Homes at Risk, and No Help From Lawyers
J. EMILIO FLORES FOR THE NEW YORK TIMES
|gregory Royston, a real estate lawyer, said winning modifications to mortgages was never easy and often impossible.|
By David STREITFELD
In California, where foreclosures are more abundant than in any other state, homeowners trying to win a loan modification have always had a tough time.
Now they face yet another obstacle: hiring a lawyer.
Sharon Bell, a retiree who lives in Laguna Niguel, southeast of Los Angeles, needs a modification to keep her home. She says she is scared of her bank and its plentiful resources, so much so that she cannot even open its certified letters inquiring where her mortgage payments may be. Yet the half-dozen lawyers she has called have refused to represent her.
“They said they couldn’t help,” said Ms. Bell, 63. “But I’ve got to find help, because I’m dying every day.”
Lawyers throughout California say they have no choice but to reject clients like Ms. Bell because of a new state law that sharply restricts how they can be paid. Under the measure, passed overwhelmingly by the State Legislature and backed by the state bar association, lawyers who work on loan modifications cannot receive any money until the work is complete. The bar association says that under the law, clients cannot put retainers in trust accounts.
The law, which has few parallels in other states, was devised to eliminate swindles in which modification firms made promises about what their lawyers could do, charged hefty fees and then disappeared. But foreclosure specialists say there has been an unintended consequence: the honest lawyers can no longer afford to assist Ms. Bell and all the others who feel helpless before lenders that they see as elusive, unyielding and skilled at losing paperwork.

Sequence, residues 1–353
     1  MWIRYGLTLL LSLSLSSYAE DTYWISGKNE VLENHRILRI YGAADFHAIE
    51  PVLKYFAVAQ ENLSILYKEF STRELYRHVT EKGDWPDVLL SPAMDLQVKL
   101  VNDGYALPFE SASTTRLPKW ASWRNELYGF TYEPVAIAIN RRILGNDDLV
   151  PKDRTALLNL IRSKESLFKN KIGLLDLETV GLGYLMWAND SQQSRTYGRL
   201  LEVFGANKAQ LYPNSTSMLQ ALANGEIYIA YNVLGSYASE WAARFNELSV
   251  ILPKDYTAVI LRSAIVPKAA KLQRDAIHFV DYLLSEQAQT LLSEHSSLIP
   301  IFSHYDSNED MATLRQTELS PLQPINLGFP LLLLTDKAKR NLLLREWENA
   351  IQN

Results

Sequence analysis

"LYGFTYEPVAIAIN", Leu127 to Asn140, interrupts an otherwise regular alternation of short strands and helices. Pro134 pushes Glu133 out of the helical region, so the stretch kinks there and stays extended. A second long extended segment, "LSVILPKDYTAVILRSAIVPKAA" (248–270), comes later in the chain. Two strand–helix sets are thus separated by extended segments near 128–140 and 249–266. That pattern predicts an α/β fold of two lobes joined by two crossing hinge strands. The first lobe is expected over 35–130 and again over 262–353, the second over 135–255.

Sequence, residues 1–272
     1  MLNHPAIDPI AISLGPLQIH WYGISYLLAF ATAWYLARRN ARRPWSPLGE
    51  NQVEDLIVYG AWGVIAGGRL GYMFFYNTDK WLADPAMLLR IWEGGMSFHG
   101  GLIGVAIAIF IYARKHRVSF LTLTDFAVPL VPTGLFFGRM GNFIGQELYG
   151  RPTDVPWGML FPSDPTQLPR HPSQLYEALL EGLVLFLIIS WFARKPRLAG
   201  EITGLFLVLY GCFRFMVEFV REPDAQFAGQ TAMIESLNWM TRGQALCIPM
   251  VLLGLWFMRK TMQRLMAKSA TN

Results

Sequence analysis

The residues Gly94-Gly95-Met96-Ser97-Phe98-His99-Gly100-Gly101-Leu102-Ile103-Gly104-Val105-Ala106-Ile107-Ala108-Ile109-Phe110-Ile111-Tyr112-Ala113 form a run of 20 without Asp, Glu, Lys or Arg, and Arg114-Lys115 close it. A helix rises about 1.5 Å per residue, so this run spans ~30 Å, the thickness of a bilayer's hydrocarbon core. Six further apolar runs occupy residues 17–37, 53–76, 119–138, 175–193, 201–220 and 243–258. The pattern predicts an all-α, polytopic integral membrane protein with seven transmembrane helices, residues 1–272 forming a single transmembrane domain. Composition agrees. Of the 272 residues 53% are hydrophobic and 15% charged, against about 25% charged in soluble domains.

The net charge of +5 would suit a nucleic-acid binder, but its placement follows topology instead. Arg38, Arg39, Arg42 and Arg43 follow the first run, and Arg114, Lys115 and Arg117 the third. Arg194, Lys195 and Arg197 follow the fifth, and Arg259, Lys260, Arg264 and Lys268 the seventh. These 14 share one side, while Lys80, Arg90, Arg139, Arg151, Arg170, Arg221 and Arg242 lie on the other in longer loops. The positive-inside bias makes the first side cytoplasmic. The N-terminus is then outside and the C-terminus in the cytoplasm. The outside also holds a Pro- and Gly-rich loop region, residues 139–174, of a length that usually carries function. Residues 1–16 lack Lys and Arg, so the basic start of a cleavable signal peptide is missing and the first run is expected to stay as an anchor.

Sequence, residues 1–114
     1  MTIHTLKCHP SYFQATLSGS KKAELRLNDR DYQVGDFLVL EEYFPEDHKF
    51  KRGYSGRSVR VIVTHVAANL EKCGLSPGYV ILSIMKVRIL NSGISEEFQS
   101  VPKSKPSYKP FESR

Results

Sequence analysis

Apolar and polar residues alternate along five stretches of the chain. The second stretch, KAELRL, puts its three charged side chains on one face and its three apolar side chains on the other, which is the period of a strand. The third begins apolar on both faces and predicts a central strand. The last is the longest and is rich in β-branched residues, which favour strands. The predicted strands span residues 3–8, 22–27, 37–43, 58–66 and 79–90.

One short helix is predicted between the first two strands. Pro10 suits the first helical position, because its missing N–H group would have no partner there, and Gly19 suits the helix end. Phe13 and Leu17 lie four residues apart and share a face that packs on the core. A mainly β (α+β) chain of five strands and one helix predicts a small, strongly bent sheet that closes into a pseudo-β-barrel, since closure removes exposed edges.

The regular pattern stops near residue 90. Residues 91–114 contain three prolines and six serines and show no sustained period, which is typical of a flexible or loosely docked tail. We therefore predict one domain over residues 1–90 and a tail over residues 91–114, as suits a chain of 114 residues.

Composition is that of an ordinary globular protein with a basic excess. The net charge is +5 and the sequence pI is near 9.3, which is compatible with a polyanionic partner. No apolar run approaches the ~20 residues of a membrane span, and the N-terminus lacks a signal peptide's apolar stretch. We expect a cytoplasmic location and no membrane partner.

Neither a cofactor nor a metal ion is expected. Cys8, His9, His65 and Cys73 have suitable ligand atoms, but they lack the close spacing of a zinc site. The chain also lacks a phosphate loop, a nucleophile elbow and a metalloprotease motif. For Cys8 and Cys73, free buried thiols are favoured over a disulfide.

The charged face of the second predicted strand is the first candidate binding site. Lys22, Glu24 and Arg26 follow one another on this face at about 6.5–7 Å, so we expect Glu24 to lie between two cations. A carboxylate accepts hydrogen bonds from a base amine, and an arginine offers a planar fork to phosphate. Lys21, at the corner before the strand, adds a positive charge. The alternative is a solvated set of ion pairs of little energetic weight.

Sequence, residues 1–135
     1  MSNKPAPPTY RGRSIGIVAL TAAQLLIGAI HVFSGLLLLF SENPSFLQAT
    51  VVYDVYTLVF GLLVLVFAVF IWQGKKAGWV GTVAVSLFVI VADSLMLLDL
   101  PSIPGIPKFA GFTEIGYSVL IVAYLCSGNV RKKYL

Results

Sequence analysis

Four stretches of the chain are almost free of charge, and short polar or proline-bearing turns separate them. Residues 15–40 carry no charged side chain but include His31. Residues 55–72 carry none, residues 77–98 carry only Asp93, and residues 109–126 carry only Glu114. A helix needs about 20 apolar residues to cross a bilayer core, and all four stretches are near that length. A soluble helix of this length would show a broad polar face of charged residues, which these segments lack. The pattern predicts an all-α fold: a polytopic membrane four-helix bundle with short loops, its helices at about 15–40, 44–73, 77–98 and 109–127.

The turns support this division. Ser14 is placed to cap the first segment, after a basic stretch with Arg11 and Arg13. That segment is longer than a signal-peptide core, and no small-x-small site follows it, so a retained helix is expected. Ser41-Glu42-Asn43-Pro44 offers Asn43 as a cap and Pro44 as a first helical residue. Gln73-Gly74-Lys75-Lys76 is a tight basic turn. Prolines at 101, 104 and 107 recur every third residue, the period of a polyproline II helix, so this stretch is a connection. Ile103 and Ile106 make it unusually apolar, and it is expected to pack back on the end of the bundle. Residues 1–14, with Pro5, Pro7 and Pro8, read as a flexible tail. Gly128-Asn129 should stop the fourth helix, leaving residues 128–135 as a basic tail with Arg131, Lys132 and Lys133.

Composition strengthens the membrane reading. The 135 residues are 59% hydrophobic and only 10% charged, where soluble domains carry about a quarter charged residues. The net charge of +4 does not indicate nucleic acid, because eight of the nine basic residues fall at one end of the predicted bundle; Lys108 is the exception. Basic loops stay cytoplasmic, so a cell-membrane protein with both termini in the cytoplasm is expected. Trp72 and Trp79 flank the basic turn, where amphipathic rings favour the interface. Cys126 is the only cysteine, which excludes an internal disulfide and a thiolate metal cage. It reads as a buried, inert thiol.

The revelations three months ago that large banks were sloppy and negligent in preparing foreclosure documents underscore just how important it is for distressed homeowners to have representation, lawyers and consumer advocates say. Homeowners whose cases were handled improperly have little way of knowing it. Even if they found out, they would be hard-pressed to challenge a lender without a lawyer.
“Consumers just don’t know what is going on,” said Walter Hackett, a former banker who is now a lawyer for a nonprofit service in Riverside. “They get a piece of paper saying they are going to lose their homes and they freak out.”
The problem for lawyers is that even a simple modification, in which the loan is restructured so the borrower can afford the monthly payments, is a marathon, putting off their payday for months if not years. If the bank refuses to come to terms, the client may file for bankruptcy. Then the lawyer will never be paid.
Alice M. Graham, a lawyer in Marina del Rey, said a homeowner in default recently tried to hire her. When Ms. Graham declined, the despairing owner begged her in vain to accept payments under the table.
“The banks have all the lawyers they want, and the consumers are helpless,” Ms. Graham said.
In some states, including New York and Florida, foreclosure proceedings are overseen by courts. In California, the process is more of a private matter between the bank and the homeowner. Through Sept. 30, lenders filed notices of default on 229,843 homes in California this year, according to the research firm MDA DataQuick.
The length of time California households spend in foreclosure, which was rising as owners pursued modifications, fell in the third quarter to 8.7 months, from 9.1 months in the second quarter. That could indicate that the absence of defense lawyers is beginning to accelerate the process.
While lawyers for nonprofits like Mr. Hackett continue to represent clients, they are too overwhelmed to help everyone. “A homeowner in California is going to have an extraordinarily difficult time finding an attorney,” he said.
That group includes Ms. Bell, who owned two properties free and clear and then gave in to a friend’s urging to “put your money to work.” That friend was an agent, and soon Ms. Bell owned two more properties and was making unsecured loans.